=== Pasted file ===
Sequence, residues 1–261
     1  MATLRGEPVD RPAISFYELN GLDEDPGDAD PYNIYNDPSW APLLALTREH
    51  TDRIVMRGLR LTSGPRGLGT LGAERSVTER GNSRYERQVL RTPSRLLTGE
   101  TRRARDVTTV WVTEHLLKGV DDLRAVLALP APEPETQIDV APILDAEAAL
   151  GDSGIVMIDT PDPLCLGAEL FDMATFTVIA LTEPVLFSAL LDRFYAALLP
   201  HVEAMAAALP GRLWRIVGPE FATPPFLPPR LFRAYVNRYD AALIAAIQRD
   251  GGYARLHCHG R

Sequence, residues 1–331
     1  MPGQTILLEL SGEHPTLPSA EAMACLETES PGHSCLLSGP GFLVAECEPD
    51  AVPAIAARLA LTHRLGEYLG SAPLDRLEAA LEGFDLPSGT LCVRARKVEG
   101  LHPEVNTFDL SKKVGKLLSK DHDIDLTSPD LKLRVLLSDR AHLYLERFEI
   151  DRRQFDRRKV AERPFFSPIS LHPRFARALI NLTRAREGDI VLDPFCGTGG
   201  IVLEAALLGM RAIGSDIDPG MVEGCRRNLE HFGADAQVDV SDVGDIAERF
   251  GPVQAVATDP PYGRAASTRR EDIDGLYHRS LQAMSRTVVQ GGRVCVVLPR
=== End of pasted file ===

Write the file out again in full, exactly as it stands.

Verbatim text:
Sequence, residues 1–261
     1  MATLRGEPVD RPAISFYELN GLDEDPGDAD PYNIYNDPSW APLLALTREH
    51  TDRIVMRGLR LTSGPRGLGT LGAERSVTER GNSRYERQVL RTPSRLLTGE
   101  TRRARDVTTV WVTEHLLKGV DDLRAVLALP APEPETQIDV APILDAEAAL
   151  GDSGIVMIDT PDPLCLGAEL FDMATFTVIA LTEPVLFSAL LDRFYAALLP
   201  HVEAMAAALP GRLWRIVGPE FATPPFLPPR LFRAYVNRYD AALIAAIQRD
   251  GGYARLHCHG R

Sequence, residues 1–331
     1  MPGQTILLEL SGEHPTLPSA EAMACLETES PGHSCLLSGP GFLVAECEPD
    51  AVPAIAARLA LTHRLGEYLG SAPLDRLEAA LEGFDLPSGT LCVRARKVEG
   101  LHPEVNTFDL SKKVGKLLSK DHDIDLTSPD LKLRVLLSDR AHLYLERFEI
   151  DRRQFDRRKV AERPFFSPIS LHPRFARALI NLTRAREGDI VLDPFCGTGG
   201  IVLEAALLGM RAIGSDIDPG MVEGCRRNLE HFGADAQVDV SDVGDIAERF
   251  GPVQAVATDP PYGRAASTRR EDIDGLYHRS LQAMSRTVVQ GGRVCVVLPR